Persians Diary August 20th, 2014 (Posted On behalf of Emily Spalding)

Leon Ingulsrud's picture

We are in tech! When did this happen? How did we get here?

Time has been incredibly slippery these last few weeks.  It feels, at moments, like we are on a runaway train…it feels possible that we will blink and the stone seats of the Outdoor Classical Theater will suddenly flood with people. Time is of the essence…in our rehearsals, in our production, in the play.  


Sometime around the end of Tuesday’s rehearsal, Bondo called a Choral team huddle. He gathered us around to touch-base about the effects of the outdoor space on our quality of our choral speaking.  All of the time and attention given to these Choral texts is at risk in this space.  Outside, without the luxurious assistance of a ceiling and walls, we compensate with volume and speed. With straining ears, we try to stay together. As a result, our breathing becomes muddled, tempos accelerate and the agreed-upon stresses of words are compromised.  Our work is truly cut out for us.


Bondo’s points really resonated with me. With all that in mind (along with feeling the pressure technical elements coming into play), I chose to use our alloted training time to get back to the roots of what we do in this play…we speak.  Anne was generous enough to give us the full thirty minutes (no viewpoints this morning). We got into our legs a bit with Up & Down and Basic #1 and sang through Victor’s vocal warm-up.  From there, beginning with the Ancient Greek stanzas spoken in our prologue, we started at the tip-top of the play and just began speaking.  We ran through the text and song through to the entrance of the Messenger before our time was up.  

This time felt deeply useful.  I think it is important, sometimes, to strip everything away.  What is at the heart of our play? What is the pulse of it? What has sustained it through time?  After all, the ingredients are sparse…a simple story, one man’s artistry and the inherent human need to speak.  It is easy to lose sight of that fact…easy to get stuck in the mud of ideas and aesthetics.  We must remember our job as actors in a piece like this. We must be storytellers.

Talking to Stephen in the car last night, we reflected on the fact that, in order for a modern audience to connect to this play, we must change it in some ways…we cannot present it as an intact historical artifact.  Our modern eyes wouldn’t be able to see it. Our ears couldn’t hear it.  It is our job to honor Aeschylus and his brilliant text, but it is also our job to connect these ancient dots for our audience. Striking this balance is so hard.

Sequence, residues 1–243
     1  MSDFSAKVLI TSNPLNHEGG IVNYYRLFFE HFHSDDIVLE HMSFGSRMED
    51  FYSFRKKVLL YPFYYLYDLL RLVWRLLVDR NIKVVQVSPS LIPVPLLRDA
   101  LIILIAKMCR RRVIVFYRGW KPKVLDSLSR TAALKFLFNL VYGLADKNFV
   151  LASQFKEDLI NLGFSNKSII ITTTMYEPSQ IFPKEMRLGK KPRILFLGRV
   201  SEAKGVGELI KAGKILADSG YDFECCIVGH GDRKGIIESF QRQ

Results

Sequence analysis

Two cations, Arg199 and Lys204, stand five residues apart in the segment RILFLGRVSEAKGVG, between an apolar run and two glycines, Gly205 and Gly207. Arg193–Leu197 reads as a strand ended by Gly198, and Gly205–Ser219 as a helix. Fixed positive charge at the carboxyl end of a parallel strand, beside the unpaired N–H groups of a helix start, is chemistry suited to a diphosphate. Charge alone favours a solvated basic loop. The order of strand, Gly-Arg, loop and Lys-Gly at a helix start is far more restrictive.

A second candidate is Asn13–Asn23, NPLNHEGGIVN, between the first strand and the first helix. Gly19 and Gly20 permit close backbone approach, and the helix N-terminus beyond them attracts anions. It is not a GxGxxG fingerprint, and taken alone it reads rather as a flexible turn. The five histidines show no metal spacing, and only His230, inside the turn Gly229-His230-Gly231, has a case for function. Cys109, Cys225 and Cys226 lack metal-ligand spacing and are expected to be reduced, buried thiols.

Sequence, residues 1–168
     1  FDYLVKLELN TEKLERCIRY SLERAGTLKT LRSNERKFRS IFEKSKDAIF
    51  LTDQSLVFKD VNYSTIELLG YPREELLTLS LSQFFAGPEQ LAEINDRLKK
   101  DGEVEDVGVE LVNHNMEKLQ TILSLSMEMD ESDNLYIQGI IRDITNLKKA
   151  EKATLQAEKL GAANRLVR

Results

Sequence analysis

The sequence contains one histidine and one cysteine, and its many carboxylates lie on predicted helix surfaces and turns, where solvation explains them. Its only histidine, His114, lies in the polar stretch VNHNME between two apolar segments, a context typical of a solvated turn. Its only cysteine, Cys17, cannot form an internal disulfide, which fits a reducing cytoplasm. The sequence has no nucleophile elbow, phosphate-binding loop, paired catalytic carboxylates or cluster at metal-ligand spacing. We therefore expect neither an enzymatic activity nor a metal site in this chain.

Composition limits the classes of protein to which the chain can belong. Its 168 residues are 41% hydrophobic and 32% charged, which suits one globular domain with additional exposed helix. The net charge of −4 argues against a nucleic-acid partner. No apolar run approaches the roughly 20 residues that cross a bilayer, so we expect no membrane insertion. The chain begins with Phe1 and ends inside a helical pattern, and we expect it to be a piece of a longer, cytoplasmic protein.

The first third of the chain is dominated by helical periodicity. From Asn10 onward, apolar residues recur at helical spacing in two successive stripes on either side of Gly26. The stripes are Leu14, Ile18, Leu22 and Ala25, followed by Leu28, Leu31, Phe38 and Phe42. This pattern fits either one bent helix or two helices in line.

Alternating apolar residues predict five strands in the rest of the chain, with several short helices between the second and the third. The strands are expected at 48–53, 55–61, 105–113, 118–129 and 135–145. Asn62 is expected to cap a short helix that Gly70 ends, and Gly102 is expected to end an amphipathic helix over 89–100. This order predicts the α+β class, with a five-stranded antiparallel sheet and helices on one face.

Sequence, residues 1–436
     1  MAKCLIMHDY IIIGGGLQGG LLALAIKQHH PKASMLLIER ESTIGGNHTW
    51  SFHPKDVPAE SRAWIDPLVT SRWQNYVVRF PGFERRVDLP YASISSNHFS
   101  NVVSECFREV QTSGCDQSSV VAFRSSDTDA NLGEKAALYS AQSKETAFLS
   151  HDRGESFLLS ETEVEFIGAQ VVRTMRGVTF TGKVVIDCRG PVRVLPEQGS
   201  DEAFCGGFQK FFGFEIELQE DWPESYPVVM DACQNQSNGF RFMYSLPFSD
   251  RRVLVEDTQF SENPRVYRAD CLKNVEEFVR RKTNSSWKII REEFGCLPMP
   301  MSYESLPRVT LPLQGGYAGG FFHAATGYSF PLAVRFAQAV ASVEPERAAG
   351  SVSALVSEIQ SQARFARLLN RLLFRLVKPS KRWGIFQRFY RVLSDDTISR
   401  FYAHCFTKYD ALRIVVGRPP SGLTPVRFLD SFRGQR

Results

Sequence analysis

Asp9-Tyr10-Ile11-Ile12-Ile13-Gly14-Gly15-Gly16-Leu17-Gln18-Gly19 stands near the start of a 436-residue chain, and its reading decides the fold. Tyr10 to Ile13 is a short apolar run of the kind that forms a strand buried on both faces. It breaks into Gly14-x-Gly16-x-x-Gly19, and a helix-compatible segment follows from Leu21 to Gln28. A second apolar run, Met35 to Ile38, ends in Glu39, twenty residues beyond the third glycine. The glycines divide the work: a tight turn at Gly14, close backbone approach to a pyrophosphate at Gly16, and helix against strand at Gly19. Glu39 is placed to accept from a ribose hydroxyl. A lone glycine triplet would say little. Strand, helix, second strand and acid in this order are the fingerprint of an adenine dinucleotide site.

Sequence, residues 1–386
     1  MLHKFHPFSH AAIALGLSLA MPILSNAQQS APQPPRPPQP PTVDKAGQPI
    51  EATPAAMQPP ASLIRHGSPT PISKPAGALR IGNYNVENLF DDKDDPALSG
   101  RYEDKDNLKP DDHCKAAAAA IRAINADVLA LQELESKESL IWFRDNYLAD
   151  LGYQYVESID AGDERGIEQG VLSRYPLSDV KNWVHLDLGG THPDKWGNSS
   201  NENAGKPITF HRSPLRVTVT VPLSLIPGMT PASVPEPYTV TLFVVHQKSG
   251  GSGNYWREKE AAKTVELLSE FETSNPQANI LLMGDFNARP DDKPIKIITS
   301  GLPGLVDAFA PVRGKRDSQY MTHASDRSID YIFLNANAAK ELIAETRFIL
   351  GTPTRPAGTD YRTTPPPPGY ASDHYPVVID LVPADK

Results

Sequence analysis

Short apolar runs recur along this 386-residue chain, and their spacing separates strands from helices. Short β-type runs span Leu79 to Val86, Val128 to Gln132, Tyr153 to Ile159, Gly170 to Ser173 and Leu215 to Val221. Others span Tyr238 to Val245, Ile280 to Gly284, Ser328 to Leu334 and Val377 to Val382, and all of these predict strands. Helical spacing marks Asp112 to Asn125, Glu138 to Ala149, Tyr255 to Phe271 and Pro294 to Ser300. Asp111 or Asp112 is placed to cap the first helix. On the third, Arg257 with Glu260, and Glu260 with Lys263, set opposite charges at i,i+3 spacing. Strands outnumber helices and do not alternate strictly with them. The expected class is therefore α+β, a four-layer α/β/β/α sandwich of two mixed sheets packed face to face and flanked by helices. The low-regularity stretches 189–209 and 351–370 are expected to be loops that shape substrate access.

After training/speaking, we continued our rehearsal of Stasimon #1 and #3.  We are adjusting gestures…polishing and clarifying things that work and discarding old ideas.  What we are seeking in the movement now is density, intention and unison…a tall order for all of us.

We continue to sniff out the shifts that occur in our play with the entrance of Xerxes.  We hit a few necessary road bumps in conversations regarding the STUFF.  The sparse landscape of our play’s design imbues each object with an INCREDIBLE amount of weight and importance. Moving a bowl an inch feels like moving a mountain.  So difficult. We try and try to understand the shifting and diabolical dynamics between the returning King and the Chorus. So few pages of text contain so many nuances and changes in power and intention among them. We are in hot pursuit here. I know we will find our way.

The rest of the day is spent working the entrance of the Queen through to the entrance of the Messenger. First, we review the staging and text indoors…we haven’t looked at this part of the play in what feels like MONTHS.  We dust off our weeks-old ideas and see if they still hold up.  For the most part, they do. A happy thing. Then, back into costumes and outside for a short burst of tech rehearsal.  

It is thrilling to see and hear Brian and Darron build a world around us. As overwhelming and scary as this part of the process is, I am grateful to find myself in moments of complete awe…I am struck by the masterful work of our designers and the strength and flexibility of the actors onstage.

I am struck, too, by the atmosphere of the space at night.  The outdoor theater and the rest of the grounds at the Getty take on an other-worldly quality at night. It is stunning.

Sending lots of love to those near and far, 
Emily